King County beginning seasonal battle against toxic and invasive plants

County’s noxious weed program can help residents learn how to identify and control harmful weeds.

From a King County press release:

More daylight and warming temperatures are close at hand, and that means King County greenspaces and backyards will soon start coming alive with vegetation – including unwanted invasive plants and noxious weeds.

When a concerned resident contacted the King County Noxious Weed Program alarmed that she had seen giant hogweed growing in a greenspace by her house in southeast Seattle, she set in motion the County’s noxious weed response plan. First step: A phone call and a site visit from a county noxious weed specialist.

Giant hogweed is a highly invasive Class A noxious weed that grows over 10 feet tall and causes painful burns on skin exposed to its sap. The noxious weed program had found it growing in that area of Seattle in the past, so the new report was likely to be correct.

Even if it turned out to be a false alarm, the risk of giant hogweed spreading and causing harm is high, so the county plan calls for a noxious weed specialist to check it out in person, educate the property owner and any residents, and ensure all hogweed plants get safely controlled. If people can’t control the hogweed by themselves, county staff will help.

King County follows up on all reported sightings of noxious weeds such as giant hogweed that are regulated under Washington’s Noxious Weed Law. Noxious weeds are non-native plants that impact natural resources, agriculture, and human health.

There are over 90 species of noxious weeds that state law requires property owners and public agencies to control on their properties in King County, 60 of which have been found growing in the county in the past. Regulated species are mostly the ones that are found in only a few locations where there is still a chance of eradication, or ones that have very serious potential impacts on people, farms or the environment. For the widespread noxious weeds, the county focusses on education and providing technical assistance. Noxious weed sightings can be reported to King County online.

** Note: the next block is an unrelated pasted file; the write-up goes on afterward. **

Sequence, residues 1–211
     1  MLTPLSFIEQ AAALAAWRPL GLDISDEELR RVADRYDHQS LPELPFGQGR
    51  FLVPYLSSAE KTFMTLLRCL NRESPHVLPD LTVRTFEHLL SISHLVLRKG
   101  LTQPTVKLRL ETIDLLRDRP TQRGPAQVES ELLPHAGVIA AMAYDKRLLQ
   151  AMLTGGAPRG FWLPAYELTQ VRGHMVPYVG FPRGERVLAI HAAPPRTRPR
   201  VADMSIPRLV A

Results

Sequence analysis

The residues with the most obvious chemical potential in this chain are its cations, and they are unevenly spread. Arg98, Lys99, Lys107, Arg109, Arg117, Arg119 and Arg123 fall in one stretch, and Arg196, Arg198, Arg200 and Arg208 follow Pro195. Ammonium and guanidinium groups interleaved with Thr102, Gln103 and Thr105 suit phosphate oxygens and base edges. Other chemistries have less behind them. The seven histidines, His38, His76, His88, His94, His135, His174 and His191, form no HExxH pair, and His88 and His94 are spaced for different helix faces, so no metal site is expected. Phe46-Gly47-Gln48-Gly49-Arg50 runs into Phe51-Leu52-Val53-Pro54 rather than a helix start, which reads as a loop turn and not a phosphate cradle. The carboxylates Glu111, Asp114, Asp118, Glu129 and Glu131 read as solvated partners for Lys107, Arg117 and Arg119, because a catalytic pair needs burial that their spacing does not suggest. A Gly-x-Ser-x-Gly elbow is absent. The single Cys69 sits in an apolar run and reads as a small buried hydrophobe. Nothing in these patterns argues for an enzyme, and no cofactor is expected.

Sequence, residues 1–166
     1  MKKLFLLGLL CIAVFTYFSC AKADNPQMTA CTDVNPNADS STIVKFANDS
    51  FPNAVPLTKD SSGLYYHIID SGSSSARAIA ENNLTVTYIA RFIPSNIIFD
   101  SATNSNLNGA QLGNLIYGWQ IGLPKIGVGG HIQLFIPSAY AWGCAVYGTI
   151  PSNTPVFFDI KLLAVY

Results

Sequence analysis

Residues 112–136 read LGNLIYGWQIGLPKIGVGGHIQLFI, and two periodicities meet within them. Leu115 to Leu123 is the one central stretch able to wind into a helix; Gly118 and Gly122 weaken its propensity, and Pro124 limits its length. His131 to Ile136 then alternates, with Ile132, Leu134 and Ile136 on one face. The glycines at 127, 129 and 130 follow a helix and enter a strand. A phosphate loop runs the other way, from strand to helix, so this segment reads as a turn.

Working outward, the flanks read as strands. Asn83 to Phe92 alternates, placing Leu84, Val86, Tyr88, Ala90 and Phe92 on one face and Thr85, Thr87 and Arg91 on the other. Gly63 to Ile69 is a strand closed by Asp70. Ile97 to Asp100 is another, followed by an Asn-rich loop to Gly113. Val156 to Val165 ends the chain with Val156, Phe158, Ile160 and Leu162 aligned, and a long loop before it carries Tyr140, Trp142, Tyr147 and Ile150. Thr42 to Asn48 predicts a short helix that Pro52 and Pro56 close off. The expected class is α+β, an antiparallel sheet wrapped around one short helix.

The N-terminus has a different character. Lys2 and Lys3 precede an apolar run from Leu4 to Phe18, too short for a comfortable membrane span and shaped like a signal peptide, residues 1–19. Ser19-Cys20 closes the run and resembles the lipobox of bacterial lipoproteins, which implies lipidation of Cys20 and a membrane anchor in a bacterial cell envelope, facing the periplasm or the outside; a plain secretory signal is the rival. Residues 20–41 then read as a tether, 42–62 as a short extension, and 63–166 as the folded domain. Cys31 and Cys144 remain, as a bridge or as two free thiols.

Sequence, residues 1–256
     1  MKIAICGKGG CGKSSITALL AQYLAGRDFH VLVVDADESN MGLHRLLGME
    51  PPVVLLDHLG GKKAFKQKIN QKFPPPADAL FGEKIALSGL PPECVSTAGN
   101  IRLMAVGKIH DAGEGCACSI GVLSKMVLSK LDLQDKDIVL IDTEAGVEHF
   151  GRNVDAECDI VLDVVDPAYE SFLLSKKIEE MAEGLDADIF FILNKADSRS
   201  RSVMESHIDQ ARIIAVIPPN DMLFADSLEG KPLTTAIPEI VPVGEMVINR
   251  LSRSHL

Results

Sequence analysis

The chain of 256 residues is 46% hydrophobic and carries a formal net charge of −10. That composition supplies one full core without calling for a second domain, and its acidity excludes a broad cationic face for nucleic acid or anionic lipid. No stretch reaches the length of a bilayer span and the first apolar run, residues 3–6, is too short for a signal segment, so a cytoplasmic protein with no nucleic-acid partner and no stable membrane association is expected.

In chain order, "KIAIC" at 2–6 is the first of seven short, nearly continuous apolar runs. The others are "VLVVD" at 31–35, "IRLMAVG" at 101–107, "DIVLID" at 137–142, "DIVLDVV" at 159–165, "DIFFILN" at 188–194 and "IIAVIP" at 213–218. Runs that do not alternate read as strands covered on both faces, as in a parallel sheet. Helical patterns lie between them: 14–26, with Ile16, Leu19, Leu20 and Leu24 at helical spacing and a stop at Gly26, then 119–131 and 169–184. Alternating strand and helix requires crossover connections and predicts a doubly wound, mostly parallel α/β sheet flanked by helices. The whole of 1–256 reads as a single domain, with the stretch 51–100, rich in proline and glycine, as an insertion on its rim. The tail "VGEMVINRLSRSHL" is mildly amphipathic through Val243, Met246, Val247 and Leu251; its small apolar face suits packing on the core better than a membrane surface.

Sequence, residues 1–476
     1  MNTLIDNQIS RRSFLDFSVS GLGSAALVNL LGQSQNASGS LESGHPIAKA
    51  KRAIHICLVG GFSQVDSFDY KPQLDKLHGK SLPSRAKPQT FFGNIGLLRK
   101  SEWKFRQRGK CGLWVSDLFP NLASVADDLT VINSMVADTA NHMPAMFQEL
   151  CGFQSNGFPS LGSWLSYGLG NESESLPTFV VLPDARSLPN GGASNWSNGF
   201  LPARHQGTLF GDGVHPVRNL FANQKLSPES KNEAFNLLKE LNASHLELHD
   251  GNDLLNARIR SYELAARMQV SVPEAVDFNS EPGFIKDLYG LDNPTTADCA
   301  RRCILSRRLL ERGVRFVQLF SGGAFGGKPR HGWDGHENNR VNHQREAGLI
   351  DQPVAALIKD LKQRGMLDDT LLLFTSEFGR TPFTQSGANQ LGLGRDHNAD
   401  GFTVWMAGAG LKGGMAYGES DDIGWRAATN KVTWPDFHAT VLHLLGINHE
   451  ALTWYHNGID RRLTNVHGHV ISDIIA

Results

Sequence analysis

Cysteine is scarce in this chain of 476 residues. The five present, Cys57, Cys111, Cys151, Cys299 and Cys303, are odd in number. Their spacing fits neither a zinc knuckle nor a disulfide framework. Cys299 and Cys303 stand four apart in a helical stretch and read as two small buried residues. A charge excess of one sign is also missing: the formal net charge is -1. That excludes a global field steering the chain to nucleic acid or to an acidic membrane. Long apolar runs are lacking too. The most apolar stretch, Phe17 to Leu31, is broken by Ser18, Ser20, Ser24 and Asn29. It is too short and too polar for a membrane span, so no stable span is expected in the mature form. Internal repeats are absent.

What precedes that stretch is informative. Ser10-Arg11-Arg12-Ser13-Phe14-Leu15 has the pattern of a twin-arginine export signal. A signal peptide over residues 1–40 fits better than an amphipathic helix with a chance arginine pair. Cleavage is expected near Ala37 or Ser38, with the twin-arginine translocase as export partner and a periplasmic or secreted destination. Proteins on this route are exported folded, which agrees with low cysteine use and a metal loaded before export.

Knowing which plants are the worst and how to control them is the specialty of King County’s noxious weed program personnel, and they are ready to teach anyone who needs or wants to know more. And if people can’t control their noxious weeds themselves but want to do the right thing, the noxious weed program will find a way to help them.

The 2018 King County Noxious Weed List spells out which noxious weeds fall under the regulated category according to the state law. The list also educates people about additional invasive plants that aren’t regulated but that are also harmful to people or impact the environment.

Among the new noxious weeds for 2018 are two species that are regulated: European coltsfoot and small-flowered jewelweed, and one that is recommended for control called spotted jewelweed. Information on the new state noxious weeds can be found on the Washington State Noxious Weed Control Board website, along with more information on the state law and links to weed lists in other counties of Washington.

County residents can learn about noxious weeds by taking a free class on noxious weeds, visiting the program’s website and Noxious Weeds blog, or stopping by an information table at community eventsaround the county. The noxious weed program also has a few specialty weed control tools for loan, such as large weed pullers for Scotch broom and injector tools for knotweed, and they offer vouchers for free disposal of regulated noxious weeds at county transfer stations.

The County’s noxious weed program is available to help residents learn to identify and control noxious weeds. Help is also available by calling the King County Noxious Weed Control Program at 206-477-9333 or by contacting Sasha Shaw, communication specialist for the noxious weed program at 206-477-4824 or